translated by Ken Liu
3BodyProblem
We had previously read another book in translation, 20,000 Leagues Under the Sea by Jules Verne which was originally written in French, but The Three-Body Problem was our first translation of a more modern science fiction novel.  Besides print you can borrow it as a digital audiobook from Hoopla.  The group on the whole found the beginning of the work with its exploration of China’s Cultural Revolution a bit slow, but felt it picked up as the main story of first alien contact was introduced.  Several members of the group planned to read the other two works in the trilogy The Dark Forest and Death’s End.  I thought Liu’s use of VR game technology in the novel was especially interesting in comparison to Ready Player One, which we had discussed previously and you can now see a movie adaptation on Blu-ray or DVD.  Unfortunately a planned movie adaptation of the novel, The Three-Body Problem, was shelved a few years ago so instead we watched the classic Forbidden Planet, which is available on Blu-ray and DVD.  The movie, though from the 50’s, holds up well in both look and plot and its retro vibe only adds to its charm.

Lady of the Forest
by Jennifer Roberson

LadyoftheForest

book cover from eLibraryNJ

We read Lady of the Forest by Jennifer Roberson for our August book.  The book hooked readers with its suspenseful opening.  The group enjoyed that the book had many different characters’ perspectives and how it told the story of not just how Robin evolved into the character of myth and legends but how his merry men also met and joined him. The book especially focuses on Marian who goes from being an intelligent but more conservative, traditional lady of the day to finding her inner warrior.  It is an interesting twist on Robin, who is depicted as having PTSD from fighting in the crusades.  I think my favorite character was Eleanor, the sheriff’s daughter, who despite making several very bad decisions still intrigued me as a depiction of how a more independent oriented women would be treated in that era.  Besides print, Hoboken residents, can borrow the book from eLibraryNJ as an ebook.  Roberson also wrote a sequel Lady of Sherwood.  We watched the movie Robin and Marian which looked at the couple towards the end of their lives rather than the beginning of their adulthood in the book; it provided an interesting look at how their relationship would have evolved.  My heart still belongs to the animated Disney version, but I also enjoyed this more serious interpretation and thought Sean Connery and Audrey Hepburn gave stellar performances in the title roles.  You can learn more about the history of the Robin Hood legend from Robin Hood–The Outlaw Hero, Episode 9 of Heroes and Legends, part of The Great Courses series of lectures available for streaming from Kanopy.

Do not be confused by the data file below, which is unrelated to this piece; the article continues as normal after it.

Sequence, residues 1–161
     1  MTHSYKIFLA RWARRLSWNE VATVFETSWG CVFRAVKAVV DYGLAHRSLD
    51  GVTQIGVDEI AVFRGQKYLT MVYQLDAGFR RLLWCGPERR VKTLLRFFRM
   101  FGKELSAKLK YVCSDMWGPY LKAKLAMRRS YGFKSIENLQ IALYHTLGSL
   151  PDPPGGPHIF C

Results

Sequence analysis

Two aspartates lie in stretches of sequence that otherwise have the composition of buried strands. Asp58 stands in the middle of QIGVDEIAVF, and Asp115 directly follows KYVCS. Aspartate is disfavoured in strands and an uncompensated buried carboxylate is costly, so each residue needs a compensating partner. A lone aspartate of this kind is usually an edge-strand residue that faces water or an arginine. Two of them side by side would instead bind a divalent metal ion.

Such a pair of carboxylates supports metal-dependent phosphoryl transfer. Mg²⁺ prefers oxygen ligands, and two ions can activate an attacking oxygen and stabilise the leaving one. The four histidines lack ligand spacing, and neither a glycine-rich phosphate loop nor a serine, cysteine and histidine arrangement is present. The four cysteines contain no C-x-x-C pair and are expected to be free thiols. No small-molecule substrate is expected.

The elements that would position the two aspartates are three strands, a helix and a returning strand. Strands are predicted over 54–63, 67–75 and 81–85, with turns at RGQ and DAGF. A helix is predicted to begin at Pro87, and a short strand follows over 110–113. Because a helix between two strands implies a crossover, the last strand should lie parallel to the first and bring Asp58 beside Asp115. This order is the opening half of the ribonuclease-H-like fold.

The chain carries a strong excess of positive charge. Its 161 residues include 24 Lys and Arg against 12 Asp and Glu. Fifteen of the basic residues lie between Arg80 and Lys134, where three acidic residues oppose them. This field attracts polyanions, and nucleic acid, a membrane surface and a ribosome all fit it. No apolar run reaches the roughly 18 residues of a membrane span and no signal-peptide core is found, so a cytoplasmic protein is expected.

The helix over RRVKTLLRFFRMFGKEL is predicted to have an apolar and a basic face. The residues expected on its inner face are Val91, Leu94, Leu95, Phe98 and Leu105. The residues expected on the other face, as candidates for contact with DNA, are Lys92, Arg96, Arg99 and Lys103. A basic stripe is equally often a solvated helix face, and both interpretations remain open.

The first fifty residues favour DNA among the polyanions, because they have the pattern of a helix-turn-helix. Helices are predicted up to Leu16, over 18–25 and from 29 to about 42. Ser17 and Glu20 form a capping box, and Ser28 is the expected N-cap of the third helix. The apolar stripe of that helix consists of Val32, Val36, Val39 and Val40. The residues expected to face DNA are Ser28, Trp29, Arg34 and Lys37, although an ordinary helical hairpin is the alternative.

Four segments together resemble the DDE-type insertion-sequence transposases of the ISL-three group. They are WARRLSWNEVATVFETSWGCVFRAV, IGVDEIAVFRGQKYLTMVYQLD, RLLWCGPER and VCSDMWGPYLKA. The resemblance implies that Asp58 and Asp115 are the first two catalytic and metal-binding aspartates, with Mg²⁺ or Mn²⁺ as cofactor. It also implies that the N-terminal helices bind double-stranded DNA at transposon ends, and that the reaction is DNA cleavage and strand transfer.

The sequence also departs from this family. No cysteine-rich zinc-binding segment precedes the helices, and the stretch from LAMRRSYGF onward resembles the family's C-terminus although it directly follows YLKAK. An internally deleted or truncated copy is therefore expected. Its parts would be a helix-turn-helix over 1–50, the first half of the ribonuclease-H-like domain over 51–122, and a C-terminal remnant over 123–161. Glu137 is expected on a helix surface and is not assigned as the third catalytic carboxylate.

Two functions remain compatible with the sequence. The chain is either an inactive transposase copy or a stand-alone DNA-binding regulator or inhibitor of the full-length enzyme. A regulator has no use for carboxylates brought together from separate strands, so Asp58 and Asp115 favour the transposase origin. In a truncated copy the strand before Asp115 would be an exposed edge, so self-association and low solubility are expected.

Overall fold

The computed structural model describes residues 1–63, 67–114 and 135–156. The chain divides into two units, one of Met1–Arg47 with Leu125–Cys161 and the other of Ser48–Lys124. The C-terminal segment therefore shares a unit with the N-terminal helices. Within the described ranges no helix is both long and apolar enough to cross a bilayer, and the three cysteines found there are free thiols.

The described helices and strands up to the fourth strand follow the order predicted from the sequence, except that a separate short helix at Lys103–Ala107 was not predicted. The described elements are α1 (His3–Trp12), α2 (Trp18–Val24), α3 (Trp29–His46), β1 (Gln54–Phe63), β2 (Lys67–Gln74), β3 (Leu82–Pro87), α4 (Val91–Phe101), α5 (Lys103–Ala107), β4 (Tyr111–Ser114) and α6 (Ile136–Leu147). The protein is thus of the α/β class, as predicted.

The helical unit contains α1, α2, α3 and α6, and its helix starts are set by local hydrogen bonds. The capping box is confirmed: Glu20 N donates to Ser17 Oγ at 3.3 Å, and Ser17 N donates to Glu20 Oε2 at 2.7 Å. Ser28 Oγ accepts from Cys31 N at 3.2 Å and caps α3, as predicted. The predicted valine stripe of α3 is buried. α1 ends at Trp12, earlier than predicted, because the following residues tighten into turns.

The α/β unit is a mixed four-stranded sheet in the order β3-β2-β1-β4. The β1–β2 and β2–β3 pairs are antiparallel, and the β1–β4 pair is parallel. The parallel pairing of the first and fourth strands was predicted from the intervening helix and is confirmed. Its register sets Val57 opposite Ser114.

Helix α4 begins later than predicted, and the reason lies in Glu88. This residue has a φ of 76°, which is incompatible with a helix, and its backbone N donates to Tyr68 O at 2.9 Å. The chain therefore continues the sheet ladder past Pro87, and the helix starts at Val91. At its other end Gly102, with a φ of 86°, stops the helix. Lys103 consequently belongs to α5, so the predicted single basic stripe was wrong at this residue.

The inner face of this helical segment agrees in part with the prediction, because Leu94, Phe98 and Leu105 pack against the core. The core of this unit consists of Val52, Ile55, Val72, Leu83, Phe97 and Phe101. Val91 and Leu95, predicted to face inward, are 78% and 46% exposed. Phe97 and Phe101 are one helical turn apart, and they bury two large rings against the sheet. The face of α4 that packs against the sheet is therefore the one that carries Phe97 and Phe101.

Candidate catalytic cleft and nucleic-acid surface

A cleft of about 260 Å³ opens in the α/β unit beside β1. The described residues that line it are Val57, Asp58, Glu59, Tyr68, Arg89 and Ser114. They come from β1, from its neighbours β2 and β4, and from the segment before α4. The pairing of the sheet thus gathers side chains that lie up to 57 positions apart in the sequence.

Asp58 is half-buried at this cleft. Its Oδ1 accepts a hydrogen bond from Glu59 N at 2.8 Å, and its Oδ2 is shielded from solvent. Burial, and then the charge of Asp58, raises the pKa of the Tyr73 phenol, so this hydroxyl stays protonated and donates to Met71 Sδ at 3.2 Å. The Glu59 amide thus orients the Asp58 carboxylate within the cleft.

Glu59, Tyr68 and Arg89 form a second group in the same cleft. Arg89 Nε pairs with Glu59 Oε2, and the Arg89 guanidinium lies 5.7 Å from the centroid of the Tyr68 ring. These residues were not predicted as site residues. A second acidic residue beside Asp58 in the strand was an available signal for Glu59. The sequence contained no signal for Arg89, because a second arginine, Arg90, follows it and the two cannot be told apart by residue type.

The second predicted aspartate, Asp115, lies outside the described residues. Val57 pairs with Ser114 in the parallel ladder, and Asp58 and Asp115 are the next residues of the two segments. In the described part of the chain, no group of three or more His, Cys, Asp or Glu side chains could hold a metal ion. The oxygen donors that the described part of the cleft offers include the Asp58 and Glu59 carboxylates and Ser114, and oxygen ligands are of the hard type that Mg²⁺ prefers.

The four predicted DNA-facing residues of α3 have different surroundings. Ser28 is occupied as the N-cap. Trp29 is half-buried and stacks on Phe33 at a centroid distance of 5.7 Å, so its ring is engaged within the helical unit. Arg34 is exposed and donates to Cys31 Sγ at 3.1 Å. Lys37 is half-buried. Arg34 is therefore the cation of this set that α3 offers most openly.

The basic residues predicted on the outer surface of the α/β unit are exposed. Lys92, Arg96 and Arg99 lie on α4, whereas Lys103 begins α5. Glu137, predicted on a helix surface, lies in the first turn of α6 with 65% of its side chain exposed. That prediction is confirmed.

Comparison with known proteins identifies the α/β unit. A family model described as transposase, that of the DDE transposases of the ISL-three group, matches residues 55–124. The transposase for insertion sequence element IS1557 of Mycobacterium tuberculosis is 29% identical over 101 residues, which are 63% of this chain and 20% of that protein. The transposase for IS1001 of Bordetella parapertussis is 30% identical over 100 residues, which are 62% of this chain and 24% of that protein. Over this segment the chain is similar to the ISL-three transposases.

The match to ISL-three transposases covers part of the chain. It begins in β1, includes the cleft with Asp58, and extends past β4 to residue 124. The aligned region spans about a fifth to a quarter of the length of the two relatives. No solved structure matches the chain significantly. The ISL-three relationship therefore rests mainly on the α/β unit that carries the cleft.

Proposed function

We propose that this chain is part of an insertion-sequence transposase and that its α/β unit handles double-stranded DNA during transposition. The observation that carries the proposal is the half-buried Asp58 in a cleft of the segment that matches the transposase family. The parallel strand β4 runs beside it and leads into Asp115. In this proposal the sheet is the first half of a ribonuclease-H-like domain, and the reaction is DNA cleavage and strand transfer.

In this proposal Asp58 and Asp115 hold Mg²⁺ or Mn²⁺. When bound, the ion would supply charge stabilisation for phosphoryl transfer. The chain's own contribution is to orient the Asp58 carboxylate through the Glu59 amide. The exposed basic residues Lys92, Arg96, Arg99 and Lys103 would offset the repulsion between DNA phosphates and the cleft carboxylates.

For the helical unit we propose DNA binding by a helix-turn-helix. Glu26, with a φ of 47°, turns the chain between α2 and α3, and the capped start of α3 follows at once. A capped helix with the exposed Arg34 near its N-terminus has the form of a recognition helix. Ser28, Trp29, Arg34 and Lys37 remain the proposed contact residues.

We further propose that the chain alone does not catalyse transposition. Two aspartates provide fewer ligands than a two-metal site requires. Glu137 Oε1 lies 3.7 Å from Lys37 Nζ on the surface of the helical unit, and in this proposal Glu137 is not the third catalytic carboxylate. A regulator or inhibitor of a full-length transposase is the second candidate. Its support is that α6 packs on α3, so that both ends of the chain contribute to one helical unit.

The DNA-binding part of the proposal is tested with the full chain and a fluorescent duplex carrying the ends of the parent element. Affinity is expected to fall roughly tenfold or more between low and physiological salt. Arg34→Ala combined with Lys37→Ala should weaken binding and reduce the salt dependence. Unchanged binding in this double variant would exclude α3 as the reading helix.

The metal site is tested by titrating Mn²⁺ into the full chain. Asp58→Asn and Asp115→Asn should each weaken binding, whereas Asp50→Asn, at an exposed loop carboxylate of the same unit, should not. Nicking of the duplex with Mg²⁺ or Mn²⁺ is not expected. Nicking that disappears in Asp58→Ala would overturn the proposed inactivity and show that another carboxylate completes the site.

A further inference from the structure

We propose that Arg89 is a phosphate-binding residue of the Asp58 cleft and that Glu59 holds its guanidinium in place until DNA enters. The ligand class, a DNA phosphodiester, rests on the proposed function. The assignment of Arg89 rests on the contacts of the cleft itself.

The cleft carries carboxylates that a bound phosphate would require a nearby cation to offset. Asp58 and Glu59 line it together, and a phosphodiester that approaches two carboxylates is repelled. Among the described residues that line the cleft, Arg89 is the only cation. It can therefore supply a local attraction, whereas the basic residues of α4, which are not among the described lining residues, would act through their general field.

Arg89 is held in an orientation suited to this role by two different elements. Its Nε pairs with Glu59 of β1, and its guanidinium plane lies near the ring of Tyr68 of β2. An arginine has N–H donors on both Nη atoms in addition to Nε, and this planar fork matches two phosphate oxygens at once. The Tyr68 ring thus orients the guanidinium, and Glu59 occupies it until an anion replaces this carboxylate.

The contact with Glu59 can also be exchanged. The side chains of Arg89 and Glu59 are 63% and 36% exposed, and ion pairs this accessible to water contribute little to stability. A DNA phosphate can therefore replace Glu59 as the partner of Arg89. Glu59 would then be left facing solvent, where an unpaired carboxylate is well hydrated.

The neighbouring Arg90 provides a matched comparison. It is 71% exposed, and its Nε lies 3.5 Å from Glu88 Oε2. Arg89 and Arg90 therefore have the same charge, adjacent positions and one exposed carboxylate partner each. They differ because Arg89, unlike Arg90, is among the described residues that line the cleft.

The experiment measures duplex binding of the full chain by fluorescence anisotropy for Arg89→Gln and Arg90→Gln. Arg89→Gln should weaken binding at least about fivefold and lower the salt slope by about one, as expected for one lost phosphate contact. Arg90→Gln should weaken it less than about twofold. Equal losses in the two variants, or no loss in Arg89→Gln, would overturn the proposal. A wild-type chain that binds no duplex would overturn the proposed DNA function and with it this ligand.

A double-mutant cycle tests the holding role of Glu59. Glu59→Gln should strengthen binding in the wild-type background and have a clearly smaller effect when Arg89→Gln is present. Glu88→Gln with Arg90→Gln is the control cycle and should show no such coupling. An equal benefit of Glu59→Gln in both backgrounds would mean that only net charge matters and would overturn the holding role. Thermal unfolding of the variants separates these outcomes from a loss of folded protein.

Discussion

I hope you will join us for upcoming discussions.  And if you like mysteries check out the Hoboken Public Library’s New Mystery Book Club!  You can email rosary.vaningen @ hoboken.bccls.org for more info about the Mystery book club!

Written by:
Aimee Harris
Head of Reference